The World Trade Center south tower (L) burst into flames after being struck by hijacked United Airlines Flight 175 (THIRD OF SEVEN PHOTOGRAPHS REUTERS/Sean Adair)

US President Joe Biden on Friday signed an executive order directing the FBI to declassify documents related to the September 11 terrorist attacks.

The Associated Press said that the executive order is a gesture of support for the families of the victims of the September attacks, who have long sought those documents in the hope of finding a connection to the Saudi government in those attacks.


However, the agency notes that it was not immediately clear what practical effect the executive order would have and any new documents it might produce.

And she added, “Previous investigations revealed a relationship between Saudi citizens and some of the hijackers, but they did not prove that the government was directly involved.”

On Friday, the White House said that Biden had ordered a review of the possibility of declassifying some FBI documents related to the investigation of the September 11 terrorist attacks, according to Reuters.

“When I ran for president, I committed to ensuring transparency regarding the declassification of documents from the September 11, 2001 terrorist attacks on America,” Biden said in a statement, adding that he would “respectfully treat” the families of those who died in the attacks.

And the American “News Max” website said earlier that President Joe Biden signed an executive order on Friday directing the FBI to release confidential documents related to the Kingdom of Saudi Arabia’s relationship to the September 11, 2001 terrorist attacks, quoting a source close to the Biden administration.

Biden’s decision, according to the site, to move to the executive order this week came after the families of the September 11th victims, Thursday, asked the attorney general in the Department of Justice to investigate their allegations.


The families of the victims suspect that the FBI “lied or destroyed evidence linking Saudi officials to the Al Qaeda kidnapper team.”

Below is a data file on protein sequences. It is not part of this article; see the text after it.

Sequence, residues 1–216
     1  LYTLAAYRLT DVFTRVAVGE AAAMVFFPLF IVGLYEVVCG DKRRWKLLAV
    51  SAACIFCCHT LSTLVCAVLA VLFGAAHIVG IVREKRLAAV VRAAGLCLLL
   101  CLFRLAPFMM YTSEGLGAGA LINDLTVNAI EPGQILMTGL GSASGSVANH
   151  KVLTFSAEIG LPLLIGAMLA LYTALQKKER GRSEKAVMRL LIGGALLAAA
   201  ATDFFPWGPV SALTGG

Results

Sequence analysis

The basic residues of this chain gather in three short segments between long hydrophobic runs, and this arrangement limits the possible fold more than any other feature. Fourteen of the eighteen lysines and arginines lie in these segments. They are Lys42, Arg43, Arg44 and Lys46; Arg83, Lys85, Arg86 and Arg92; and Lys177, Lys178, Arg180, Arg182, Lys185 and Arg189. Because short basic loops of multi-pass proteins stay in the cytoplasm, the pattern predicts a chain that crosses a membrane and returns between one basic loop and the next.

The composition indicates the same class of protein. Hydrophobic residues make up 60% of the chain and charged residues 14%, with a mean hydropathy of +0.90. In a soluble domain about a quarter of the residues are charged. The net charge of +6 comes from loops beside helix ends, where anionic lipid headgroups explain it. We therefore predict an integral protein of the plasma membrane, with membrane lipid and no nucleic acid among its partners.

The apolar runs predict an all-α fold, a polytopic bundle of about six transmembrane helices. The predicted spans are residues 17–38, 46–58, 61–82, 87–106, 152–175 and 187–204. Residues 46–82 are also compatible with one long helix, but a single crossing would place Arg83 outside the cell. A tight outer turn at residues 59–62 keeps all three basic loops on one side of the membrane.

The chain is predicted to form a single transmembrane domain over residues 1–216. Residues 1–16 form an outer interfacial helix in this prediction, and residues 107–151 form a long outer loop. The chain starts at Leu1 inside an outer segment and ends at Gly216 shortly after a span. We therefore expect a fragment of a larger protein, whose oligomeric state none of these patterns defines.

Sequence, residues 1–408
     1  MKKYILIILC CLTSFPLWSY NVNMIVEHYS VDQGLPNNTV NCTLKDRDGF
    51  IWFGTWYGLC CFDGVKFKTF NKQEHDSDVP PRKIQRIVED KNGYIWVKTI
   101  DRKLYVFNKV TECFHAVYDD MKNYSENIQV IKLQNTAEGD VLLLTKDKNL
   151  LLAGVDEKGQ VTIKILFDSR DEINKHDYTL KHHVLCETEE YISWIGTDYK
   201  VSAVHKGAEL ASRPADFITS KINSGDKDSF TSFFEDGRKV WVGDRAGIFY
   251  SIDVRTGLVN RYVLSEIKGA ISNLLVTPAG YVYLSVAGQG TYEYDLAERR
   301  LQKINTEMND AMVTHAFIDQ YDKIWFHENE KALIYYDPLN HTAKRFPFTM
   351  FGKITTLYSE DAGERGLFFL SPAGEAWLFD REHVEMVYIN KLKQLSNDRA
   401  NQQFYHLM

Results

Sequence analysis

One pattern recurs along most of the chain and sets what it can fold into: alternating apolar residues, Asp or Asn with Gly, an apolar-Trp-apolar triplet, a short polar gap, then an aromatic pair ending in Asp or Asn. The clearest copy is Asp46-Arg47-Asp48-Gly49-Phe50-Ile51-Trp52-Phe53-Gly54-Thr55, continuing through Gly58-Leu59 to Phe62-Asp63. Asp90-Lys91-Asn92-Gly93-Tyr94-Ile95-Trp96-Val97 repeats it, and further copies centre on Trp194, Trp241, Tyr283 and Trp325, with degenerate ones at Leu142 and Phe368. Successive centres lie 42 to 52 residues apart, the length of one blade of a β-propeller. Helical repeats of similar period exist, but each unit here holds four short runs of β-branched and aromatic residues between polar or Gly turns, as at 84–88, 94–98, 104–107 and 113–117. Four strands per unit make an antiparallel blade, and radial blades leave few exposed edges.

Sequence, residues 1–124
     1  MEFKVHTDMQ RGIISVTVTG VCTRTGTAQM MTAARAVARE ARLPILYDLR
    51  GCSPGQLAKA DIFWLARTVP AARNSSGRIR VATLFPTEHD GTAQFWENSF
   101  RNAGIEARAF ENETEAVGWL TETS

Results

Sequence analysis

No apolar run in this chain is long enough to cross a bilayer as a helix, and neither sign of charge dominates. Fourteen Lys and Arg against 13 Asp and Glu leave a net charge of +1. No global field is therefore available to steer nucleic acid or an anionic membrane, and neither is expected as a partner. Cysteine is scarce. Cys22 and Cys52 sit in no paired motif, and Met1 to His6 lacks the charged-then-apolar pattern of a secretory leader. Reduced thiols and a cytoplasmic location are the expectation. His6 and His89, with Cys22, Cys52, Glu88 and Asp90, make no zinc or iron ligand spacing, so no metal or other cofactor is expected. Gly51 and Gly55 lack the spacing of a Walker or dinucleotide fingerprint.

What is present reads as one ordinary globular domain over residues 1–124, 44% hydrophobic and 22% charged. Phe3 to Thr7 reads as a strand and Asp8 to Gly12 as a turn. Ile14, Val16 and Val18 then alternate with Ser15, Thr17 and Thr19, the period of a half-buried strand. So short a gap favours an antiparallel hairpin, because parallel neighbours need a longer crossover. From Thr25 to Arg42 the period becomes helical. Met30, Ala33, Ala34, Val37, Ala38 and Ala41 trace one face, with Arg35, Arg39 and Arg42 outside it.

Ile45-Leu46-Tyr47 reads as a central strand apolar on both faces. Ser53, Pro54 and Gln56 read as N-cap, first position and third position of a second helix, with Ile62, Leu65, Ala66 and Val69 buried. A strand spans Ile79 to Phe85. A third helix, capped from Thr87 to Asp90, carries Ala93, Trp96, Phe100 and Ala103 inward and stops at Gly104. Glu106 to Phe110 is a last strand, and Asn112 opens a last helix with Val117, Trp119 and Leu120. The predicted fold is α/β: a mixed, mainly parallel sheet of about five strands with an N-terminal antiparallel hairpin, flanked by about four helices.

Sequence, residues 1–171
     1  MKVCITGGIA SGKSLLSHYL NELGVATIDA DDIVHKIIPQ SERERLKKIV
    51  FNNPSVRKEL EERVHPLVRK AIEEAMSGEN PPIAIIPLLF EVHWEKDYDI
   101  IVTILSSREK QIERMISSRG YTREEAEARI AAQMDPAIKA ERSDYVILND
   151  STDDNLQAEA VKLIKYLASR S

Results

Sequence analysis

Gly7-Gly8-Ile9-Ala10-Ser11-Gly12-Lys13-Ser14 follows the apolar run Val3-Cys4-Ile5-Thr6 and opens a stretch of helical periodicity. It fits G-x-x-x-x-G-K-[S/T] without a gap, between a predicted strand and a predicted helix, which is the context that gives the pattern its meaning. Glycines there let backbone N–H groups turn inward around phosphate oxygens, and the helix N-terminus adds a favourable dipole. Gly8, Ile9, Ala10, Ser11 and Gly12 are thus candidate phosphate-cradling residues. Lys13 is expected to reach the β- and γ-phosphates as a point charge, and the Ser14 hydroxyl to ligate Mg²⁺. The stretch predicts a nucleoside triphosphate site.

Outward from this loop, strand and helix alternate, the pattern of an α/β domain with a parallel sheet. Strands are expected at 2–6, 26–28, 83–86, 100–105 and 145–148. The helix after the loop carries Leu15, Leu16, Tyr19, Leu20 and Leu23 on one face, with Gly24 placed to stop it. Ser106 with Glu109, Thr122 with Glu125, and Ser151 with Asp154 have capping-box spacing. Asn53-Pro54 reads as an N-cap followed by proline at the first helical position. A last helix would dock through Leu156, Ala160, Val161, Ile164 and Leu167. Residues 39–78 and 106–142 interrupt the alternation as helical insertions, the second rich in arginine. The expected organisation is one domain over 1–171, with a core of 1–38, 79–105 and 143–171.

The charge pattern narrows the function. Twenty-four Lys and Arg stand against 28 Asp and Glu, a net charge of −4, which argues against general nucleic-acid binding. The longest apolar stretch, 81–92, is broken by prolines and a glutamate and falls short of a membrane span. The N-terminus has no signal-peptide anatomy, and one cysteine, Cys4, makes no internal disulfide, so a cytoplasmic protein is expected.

In the letter to Justice Department Inspector General Michael Horowitz, the families alleged that “the circumstances make it probable that one or more FBI officials committed willful misconduct with intent to destroy or conceal evidence to avoid detection.”

Victims’ family members have long sought government documents, including classified law enforcement and intelligence reports, regarding whether Saudi Arabia aided or funded any of the nineteen al-Qaeda-linked attackers that the Taliban gave safe haven in Afghanistan at the time.

Fifteen of the 19 hijackers were from Saudi Arabia.

A US government commission found no evidence that Saudi Arabia directly funded al-Qaeda.

He left it open as to whether Saudi officials had done so.
Saudi Arabia denies any link to the attacks.


Nearly 3,000 people were killed, including more than 2,600 at the World Trade Center, 125 at the Pentagon, and 265 on the four planes.

The families of nearly 2,500 of the dead and more than 20,000 people who were injured, as well as companies and various insurance companies, have filed a lawsuit against Saudi Arabia for compensation that could reach billions of dollars.

And last month, several families asked President Joe Biden not to commemorate the 20-year commemoration unless he declassified documents they claim will show Saudi leaders’ support for the attacks.

“My administration is committed to ensuring the maximum degree of transparency under the law,” Biden said August 9 in a statement.